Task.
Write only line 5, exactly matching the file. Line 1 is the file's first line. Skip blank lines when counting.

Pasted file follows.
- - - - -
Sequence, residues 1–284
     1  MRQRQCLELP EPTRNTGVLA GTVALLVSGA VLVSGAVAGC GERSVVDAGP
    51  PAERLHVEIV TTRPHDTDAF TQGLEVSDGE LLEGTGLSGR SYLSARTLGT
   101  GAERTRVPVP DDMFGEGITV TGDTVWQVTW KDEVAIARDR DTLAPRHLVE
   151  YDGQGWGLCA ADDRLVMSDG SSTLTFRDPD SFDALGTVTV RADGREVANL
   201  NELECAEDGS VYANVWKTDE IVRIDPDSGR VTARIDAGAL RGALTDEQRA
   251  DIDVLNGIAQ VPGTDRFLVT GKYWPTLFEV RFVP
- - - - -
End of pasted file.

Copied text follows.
   151  YDGQGWGLCA ADDRLVMSDG SSTLTFRDPD SFDALGTVTV RADGREVANL